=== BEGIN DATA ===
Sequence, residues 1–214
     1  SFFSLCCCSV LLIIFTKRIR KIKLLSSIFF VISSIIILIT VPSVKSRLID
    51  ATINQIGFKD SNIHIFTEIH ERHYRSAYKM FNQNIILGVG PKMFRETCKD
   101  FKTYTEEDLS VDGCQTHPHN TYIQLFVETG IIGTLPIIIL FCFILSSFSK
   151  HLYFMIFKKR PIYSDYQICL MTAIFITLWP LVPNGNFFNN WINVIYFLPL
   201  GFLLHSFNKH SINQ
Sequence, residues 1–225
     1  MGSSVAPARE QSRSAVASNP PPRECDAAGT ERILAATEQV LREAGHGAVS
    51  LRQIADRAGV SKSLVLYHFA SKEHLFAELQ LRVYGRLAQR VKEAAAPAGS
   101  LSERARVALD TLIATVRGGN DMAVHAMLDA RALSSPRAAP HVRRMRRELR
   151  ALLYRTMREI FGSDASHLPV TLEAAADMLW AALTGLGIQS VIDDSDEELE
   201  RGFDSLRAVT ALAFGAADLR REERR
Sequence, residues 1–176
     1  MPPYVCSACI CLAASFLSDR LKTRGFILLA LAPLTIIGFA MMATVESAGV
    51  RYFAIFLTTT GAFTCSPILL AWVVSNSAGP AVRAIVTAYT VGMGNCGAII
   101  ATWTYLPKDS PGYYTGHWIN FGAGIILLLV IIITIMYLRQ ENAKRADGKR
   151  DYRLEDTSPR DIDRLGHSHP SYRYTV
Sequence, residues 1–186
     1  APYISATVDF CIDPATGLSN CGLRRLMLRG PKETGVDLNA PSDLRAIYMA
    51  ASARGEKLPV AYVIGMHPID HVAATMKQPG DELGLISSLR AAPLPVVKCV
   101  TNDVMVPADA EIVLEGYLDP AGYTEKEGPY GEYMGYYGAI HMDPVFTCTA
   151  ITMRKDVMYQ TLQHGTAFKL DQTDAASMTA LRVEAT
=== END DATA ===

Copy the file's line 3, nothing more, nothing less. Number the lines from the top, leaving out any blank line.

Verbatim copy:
    51  ATINQIGFKD SNIHIFTEIH ERHYRSAYKM FNQNIILGVG PKMFRETCKD